Roster Turnover Necessitates Change
One of the reasons preseason projections are so difficult in college football is the amount of roster turnover. Most teams are graduating around 15-20 guys including many starters. Sometimes you have a pretty good idea of how someone will be replaced, but most of the time it is just conjecture mixed with a recruiting ranking.
On offense, Baylor was in an interesting position coming into 2019. They lost 3 starters, including probably their best player in Jalen Hurd. For the majority of conference play, the offense ran through Hurd. He received between 5-10 carries per game at RB and as many catches at WR.
In 2018, Baylor’s offense was very efficient (28th in the country in success rate at 45%) but decidedly not very explosive (55th in explosiveness). It was a sort of ball-control offense run from the spread. There were several reasons for this. First, Baylor’s OL was still below average dealing with very thin depth. They plugged in a true freshman at LT mid-season along with several other new pieces. Baylor could not rely on the OL to consistently protect Charlie Brewer for plays to develop down field. Second, well, Jalen Hurd. A phenomenal athlete at 6-5, Hurd had terrific short area quickness and acceleration for a guy his size, but he was not a burner. Baylor utilized him in the slot basically as a TE, running many slants and option routes.
One of the main questions for Baylor’s offense in 2019 was thus: Baylor’s offense was really efficient in 2018, but lost their most critical piece for being so. How do they move forward?
The answer: let’s just be explosive as hell.
The Emergence of the ‘Quan
In non-conference play, it looked like Baylor’s primary strategy on offense was to replace Jalen Hurd with a similar player in R.J. Sneed. Sneed is only 6-1, but he plays big and has remarkably sticky hands and good short area skills. He’s an ideal guy to throw RPO’s over the middle to, as he will catch the ball and can withstand an incoming hit. Here’s a TD he scored against SFA out of the slot.
But something happened towards the end of non-conference play. Baylor already knew what they had in Denzel Mims. But they realized what they had in Tyquan Thornton. 3rd and 20? No problem.
And of course, Tyquan had his breakout game against Iowa State and continued breaking out against Kansas State, which had me saying “Hit the Quan” even though I still have no idea what that means, other than that it’s a dance (move?).
This established a real quandary for Baylor’s future opponents. Baylor has two receivers worthy of doubling on nearly every play. And when you do that, it opens a lot else up...
Hello, Josh Fleeks
After the establishment of Mims and Thornton, there was a justifiable question of how Baylor would adapt if teams began keying on those two and making Baylor move the ball in other ways. This was well articulated by Ian Boyd over at his website,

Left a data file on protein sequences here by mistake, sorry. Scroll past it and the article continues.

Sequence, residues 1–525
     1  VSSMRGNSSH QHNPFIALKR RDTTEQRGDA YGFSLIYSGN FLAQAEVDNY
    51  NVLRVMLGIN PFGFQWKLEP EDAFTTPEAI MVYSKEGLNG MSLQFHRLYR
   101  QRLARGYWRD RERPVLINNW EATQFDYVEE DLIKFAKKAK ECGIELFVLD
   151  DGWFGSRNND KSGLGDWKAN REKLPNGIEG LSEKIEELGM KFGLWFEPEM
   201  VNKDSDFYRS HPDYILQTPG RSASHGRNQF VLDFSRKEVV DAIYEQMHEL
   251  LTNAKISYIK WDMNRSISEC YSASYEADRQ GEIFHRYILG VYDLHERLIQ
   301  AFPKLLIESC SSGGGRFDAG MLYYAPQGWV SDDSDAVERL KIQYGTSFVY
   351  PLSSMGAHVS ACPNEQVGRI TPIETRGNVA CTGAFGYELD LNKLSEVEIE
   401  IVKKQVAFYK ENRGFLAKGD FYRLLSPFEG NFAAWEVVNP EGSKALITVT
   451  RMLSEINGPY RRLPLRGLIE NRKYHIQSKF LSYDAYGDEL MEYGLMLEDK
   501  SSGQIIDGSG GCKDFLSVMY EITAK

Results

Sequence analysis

I agreed with him, and expected Oklahoma State to do the same thing. But something interesting happened in that game. Baylor said, “Hey, you can bracket our top two dogs, but we have a third guy who is just as fast.” Baylor unleashed the Fleeks.
In honor of Baylor being 7-0, I bring you Josh Fleeks and Charlie Brewer ft. Beethoven's Seventh. pic.twitter.com/wXVZ9Vt1WJ— Travis (@Travis_Roeder) October 21, 2019
This was brilliant coaching and play design. As said previously, Baylor defenses know they need to key in on Mims and Thornton. On the first play to Fleeks, Baylor ran the same play earlier which led to Tyquan Thornton nearly scoring an 85 yard TD:
Sometimes less is more. Thornton slow plays the press CB giving his other WRs time to clear out and then hits the GAS. pic.twitter.com/pKXsWyGQVj— Travis (@Travis_Roeder) October 20, 2019
Thus, having established Thornton as a threat from the this formation, Baylor takes advantage of OSU’s overplay by isolating Fleeks against a safety that also might have to help against Mims. If Brewer could get protection, this was a TD before the snap.
Baylor wasted no time seeing if this would work again. On the first play of their next drive, they called the exact same play. OSU was in the same defense and was burnt again.
This shows how, a la King McClure against Louisville a few years back, Fleeks was probably not a part of the Oklahoma State gameplan. OSU could be doubling Fleeks with their middle of the field safety, but the safety is instead keying on the shorter route to Sneed—the route that was Baylor’s bread and butter to Hurd last year. But no, Baylor will just put another guy with 4.4 speed on the field and make you stay back.
This is a real problem for opposing defenses. Baylor has 4 WR on the field and 3 of them (Mims, Thornton, and Fleeks) have truly elite speed. Their 4th guy is a tough, savvy route runner with great hands in R.J. Sneed that will take 7 yards every time against a LB.
Charlie Brewer: or How I Learned to Remain Efficient but Love the Bomb
Baylor’s offense is really becoming something. They currently are more efficient than last year (46.5% success rate after the OSU game—24th in the country) and WAY more explosive (explosiveness rating of 1.44—5th in the country, right behind OU at 4th).
Notably, the Baylor coaches have learned how to utilize Brewer to create explosive plays. Brewer’s accuracy on “traditional” deep balls has always been so-so. I’m talking your stereotypical, out at the park with your cousins “go long!” route. But Brewer is dynamite on timing routes, even when thrown deep. Those throws to Fleeks, bullets over the middle of the field, are very difficult for most QBs, but Brewer is more than adept.
Baylor’s offense has ascended significantly since conference play began. After being in the mid 40s in offensive SP+ early in the year and largely carried by the defense, they are up to #14 now. A truly incredible rise.